Categories: Fluid dynamics, Fluid mechanics, Physics.


The viscosity of a fluid describes how “sticky” its constituent molecules are; when one part of the fluid moves, it “drags” neighbouring parts by an amount proportional to the viscosity.

Imagine a liquid in a canal, flowing in the xx-direction at a velocity v(z)v(z) as a function of depth zz. Due to the liquid’s viscosity, its molecules are “stuck” to the bottom of the canal z=0z = 0, such that it is stationary there v(0)=0v(0) = 0. However, at the surface z=zsz = z_s, there is a flow at v(zs)=vsv(z_s) = v_s.

This difference in vv means that there is a velocity gradient across zz. Each infinitesimal layer of the liquid is dragging on the layers above and below it, meaning there is a nonzero shear stress σxz\sigma_{xz} (see Cauchy stress tensor). Formally, the dynamic viscosity η\eta is defined as follows:

σxz=ηdvdz\begin{aligned} \boxed{ \sigma_{xz} = \eta \dv{v}{z} } \end{aligned}

This is Newton’s law of viscosity, and fluids obeying it are known as Newtonian. In a Newtonian fluid at rest, there are no such shear stresses, and the Cauchy stress tensor σ^\hat{\sigma} is diagonal:

σij=pδij\begin{aligned} \sigma_{ij} = - p \delta_{ij} \end{aligned}

Where pp is the pressure, and δij\delta_{ij} is the Kronecker delta. If the fluid flows according to a velocity field v\va{v}, then a more general definition of η\eta is as follows, in index notation with i ⁣= ⁣/xi\nabla_i \!=\! \ipdv{}{x_i}:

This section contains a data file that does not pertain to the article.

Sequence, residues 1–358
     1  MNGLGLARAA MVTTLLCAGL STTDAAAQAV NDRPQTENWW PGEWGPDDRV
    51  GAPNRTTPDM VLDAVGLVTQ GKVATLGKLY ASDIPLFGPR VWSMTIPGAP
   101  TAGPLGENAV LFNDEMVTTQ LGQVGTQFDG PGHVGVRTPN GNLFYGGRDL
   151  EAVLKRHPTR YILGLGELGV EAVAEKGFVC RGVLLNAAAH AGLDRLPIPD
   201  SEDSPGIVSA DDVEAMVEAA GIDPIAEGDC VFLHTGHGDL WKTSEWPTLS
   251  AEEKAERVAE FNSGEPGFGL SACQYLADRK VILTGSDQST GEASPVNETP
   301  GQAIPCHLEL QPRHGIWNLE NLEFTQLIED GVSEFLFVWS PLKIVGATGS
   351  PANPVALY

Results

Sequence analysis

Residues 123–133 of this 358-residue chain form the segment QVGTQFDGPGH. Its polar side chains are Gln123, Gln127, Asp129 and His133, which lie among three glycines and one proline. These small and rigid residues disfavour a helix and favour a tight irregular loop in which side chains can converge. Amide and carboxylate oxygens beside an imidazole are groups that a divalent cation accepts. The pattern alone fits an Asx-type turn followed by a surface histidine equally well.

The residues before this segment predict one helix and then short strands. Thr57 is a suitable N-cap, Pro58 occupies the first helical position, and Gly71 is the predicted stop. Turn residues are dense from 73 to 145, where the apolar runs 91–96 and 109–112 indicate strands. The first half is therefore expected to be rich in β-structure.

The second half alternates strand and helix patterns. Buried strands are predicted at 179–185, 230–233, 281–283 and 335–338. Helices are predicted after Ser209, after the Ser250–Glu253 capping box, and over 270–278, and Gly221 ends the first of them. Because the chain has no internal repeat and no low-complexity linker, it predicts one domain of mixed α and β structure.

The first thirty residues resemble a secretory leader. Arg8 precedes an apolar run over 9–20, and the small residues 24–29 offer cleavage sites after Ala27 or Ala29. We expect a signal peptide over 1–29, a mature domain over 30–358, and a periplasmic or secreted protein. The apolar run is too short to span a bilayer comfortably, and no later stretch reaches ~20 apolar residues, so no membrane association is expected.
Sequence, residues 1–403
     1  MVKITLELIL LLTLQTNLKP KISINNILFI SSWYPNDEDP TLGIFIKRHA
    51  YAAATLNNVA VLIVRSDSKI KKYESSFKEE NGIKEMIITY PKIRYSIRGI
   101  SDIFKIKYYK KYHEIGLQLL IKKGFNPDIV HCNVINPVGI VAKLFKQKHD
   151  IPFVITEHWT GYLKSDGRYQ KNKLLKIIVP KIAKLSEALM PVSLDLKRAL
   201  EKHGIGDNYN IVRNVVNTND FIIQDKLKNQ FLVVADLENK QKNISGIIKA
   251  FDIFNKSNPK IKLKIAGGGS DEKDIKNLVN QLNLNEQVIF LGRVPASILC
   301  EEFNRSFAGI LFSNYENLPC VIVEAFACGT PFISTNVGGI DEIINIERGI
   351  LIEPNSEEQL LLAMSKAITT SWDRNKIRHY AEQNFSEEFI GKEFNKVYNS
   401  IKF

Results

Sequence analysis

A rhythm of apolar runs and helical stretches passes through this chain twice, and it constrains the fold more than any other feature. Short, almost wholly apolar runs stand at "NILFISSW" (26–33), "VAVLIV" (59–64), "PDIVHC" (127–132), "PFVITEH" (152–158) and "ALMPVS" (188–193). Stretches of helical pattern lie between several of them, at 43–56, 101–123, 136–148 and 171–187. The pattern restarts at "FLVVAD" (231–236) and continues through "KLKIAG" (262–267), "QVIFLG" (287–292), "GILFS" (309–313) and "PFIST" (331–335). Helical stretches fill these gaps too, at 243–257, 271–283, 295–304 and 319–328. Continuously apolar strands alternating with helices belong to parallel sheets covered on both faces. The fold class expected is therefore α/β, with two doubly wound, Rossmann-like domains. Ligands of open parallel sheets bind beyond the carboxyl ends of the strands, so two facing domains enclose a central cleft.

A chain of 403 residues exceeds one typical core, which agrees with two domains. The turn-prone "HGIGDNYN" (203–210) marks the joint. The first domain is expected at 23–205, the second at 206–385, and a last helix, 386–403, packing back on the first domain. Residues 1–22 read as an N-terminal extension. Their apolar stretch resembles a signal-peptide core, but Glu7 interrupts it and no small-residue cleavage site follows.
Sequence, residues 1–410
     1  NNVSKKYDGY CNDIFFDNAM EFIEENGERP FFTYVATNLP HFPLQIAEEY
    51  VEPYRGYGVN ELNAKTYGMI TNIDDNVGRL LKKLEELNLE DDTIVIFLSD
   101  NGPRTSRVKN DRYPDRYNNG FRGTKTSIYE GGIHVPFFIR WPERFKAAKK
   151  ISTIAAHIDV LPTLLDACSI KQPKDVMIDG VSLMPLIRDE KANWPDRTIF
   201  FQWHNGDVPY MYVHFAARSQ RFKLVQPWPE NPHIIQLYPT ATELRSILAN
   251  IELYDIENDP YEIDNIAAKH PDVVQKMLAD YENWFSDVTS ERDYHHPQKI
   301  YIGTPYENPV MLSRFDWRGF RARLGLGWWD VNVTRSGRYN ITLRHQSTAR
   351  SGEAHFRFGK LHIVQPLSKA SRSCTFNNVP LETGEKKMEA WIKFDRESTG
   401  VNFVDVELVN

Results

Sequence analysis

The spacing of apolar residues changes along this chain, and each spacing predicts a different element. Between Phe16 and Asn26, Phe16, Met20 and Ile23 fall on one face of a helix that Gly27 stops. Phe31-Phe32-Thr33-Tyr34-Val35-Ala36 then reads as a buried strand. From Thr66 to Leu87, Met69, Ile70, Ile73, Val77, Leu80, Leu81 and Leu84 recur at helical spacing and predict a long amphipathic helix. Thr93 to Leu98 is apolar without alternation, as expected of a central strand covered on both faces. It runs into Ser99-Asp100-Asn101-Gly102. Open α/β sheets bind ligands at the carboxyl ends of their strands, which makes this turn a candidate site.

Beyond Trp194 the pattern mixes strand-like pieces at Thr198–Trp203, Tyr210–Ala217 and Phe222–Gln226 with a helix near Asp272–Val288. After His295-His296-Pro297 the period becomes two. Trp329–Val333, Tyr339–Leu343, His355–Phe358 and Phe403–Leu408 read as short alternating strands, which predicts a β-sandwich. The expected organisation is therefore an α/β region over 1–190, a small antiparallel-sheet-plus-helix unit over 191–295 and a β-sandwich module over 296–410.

σij=pδij+η(ivj+jvi)\begin{aligned} \boxed{ \sigma_{ij} = - p \delta_{ij} + \eta (\nabla_i v_j + \nabla_j v_i) } \end{aligned}

The double term ivj+jvi\nabla_i v_j + \nabla_j v_i comes from the fact that the stress tensor of a Newtonian fluid is always symmetric; this definition of σij\sigma_{ij} enforces that.

Another quantity is the kinematic viscosity ν\nu, which is simply η\eta divided by the density ρ\rho:

νηρ\begin{aligned} \boxed{ \nu \equiv \frac{\eta}{\rho} } \end{aligned}

With this, Newton’s law of viscosity is written using the momentum density P=ρvP = \rho v:

σxz=νdPdz\begin{aligned} \sigma_{xz} = \nu \dv{P}{z} \end{aligned}

Because momentum is “more fundamental” than velocity, is ν\nu often more useful than η\eta. However, this comes at the cost of our intuition: for example, as you would expect, ηwater>ηair\eta_\mathrm{water} > \eta_\mathrm{air}, but you may be surprised that νwater<νair\nu_\mathrm{water} < \nu_\mathrm{air}. Since air is less dense, it is easier to set in motion, hence we expect it to be less viscous than water, but in fact air’s molecules are stickier than water’s.


  1. B. Lautrup, Physics of continuous matter: exotic and everyday phenomena in the macroscopic world, 2nd edition, CRC Press.